#AspireAndInspire: Keeping Up With My Former Interns
I use the hashtag #AspireAndInspire (I might have even coined it) because I believe that we should give back; not only after we’ve “made it” but while we’re taking on the pursuit of happiness, success, or whatever our pursuit may be. I do this by organizing internship programs for college students. I tend to focus on two fields: Marketing (grassroots marketing, social media marketing, PR, event planning, experiential marketing/tours, and promotions) and Music Business (artist support team, music copyright law, music contracts, royalties and publishing, and music commerce & business models).
I launched my first official internship program in 2009 as the head of marketing & music at Shiekh Shoes (although I would say that it may have begun in 2006 when I organized street teams for nightlife marketing and events and rented meeting rooms to teach concepts in that particular field).
My slogan for my internships has remained “This is not a photo copy and coffee internship program!” My interns work…and they work hard. But I do not believe in “busy work”. You know, the kind of mindless tasks that interns are given that have no real big picture?
My internship programs are part hands-on experience and part lecture. I lecture once or twice a week and often provide a syllabus for the session. My interns learn industry terms and jargon, concepts and theory and apply what they’ve learned in my lectures directly to the work they’re doing that week. Sometimes I make them take notes and email those notes to me to make sure they are capturing what I’m teaching.
They are forced to make important decisions that have real world reward and consequences. They participate in meetings with third-party business colleagues and clients and sometimes they travel out of town (they tend to like the travelling). By the end of the session (usually one college quarter), most of my interns feel they’ve learned a great deal of information and many ask to do another session (I’ve had about 5 interns complete 2 or more sessions). I’ve been told a few times that they’ve learned more in my session than they’ve learned in a comparable class in college. I’m flattered!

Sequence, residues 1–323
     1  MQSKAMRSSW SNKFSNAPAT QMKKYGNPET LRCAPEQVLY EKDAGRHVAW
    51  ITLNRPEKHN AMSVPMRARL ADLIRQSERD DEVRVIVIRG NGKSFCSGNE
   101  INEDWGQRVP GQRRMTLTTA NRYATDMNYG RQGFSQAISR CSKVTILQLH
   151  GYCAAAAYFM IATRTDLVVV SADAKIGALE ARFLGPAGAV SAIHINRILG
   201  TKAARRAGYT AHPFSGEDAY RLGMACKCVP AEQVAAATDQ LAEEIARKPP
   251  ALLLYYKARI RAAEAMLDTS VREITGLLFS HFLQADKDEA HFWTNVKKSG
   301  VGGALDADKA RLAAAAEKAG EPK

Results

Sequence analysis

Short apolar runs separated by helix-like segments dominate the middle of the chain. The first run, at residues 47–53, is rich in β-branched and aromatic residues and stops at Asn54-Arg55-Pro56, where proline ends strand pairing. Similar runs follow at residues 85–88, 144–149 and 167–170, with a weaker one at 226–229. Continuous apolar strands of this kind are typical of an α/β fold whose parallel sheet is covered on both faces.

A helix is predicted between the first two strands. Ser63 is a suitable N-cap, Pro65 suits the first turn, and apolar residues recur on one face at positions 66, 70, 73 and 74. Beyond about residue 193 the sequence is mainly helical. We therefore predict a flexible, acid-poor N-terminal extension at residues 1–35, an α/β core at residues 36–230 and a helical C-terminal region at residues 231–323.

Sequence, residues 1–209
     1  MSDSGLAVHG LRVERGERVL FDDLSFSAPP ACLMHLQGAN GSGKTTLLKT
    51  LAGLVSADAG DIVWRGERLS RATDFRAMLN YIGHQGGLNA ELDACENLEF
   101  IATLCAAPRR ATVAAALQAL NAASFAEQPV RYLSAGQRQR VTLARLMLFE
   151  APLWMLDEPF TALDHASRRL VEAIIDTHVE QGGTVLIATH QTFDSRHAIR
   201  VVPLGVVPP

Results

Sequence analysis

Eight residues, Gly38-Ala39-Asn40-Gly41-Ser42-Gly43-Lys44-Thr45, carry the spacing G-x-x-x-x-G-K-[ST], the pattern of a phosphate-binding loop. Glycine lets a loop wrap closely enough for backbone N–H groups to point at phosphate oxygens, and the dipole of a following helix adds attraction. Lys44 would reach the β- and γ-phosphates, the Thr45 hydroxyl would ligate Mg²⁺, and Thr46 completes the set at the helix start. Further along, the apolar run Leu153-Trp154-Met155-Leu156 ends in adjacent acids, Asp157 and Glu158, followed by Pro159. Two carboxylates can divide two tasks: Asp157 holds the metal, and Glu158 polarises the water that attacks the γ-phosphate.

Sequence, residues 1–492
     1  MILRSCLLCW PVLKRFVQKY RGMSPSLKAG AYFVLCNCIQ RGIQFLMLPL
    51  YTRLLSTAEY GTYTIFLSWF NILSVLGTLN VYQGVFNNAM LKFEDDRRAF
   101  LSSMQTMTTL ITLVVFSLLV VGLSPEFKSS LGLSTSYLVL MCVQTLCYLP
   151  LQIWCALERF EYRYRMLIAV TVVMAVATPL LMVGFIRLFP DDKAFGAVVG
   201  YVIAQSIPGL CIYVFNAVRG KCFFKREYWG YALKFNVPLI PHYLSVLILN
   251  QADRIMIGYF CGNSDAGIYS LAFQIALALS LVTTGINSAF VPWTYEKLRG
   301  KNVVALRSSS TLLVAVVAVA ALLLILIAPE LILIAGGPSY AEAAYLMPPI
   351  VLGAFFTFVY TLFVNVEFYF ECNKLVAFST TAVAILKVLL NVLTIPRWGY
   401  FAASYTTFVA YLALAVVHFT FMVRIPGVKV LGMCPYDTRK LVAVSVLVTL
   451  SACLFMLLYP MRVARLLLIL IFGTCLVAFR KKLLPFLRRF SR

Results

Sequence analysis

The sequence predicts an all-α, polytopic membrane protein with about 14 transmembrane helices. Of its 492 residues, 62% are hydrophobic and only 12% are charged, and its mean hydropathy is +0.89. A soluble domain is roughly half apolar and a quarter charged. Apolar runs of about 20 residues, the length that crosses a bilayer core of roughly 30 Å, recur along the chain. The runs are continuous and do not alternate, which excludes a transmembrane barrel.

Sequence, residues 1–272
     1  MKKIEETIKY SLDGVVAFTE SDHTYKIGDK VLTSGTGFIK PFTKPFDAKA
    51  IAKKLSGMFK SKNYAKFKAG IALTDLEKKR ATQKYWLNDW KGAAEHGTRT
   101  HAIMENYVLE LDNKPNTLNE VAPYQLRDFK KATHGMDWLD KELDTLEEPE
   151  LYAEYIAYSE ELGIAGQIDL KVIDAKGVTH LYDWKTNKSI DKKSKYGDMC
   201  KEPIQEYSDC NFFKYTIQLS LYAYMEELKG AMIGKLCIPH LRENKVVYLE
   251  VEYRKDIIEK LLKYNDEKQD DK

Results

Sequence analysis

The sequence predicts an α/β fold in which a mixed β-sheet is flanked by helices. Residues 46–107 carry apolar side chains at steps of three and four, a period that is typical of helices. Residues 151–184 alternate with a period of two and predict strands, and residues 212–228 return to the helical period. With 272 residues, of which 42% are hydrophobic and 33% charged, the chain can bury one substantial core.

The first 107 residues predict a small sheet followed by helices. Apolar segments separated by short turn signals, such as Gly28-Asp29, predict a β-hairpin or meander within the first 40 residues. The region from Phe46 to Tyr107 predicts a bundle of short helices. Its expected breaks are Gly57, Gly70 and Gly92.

Over the last 5 years I’ve had the pleasure of training over 2 dozen college interns who’ve since gone on to start careers in the workforce after graduating with Bachelor degrees (most of them studied International Marketing, Business, and Communications…and recently I’ve had Music Business majors). They work at tech firms such as Google and the corporate offices of retail chains such as Target. The music majors are leaning towards production or music business as a music company (record label or publisher).
Several of my former interns are now hiring their own interns and have reached out to me for advice. I’ve visited and spoke to current interns of an internship program I had started several years ago, which is now run by my former intern who I had hired full-time at the same company (after he dominated 3 back-to-back internship sessions over the course of a year).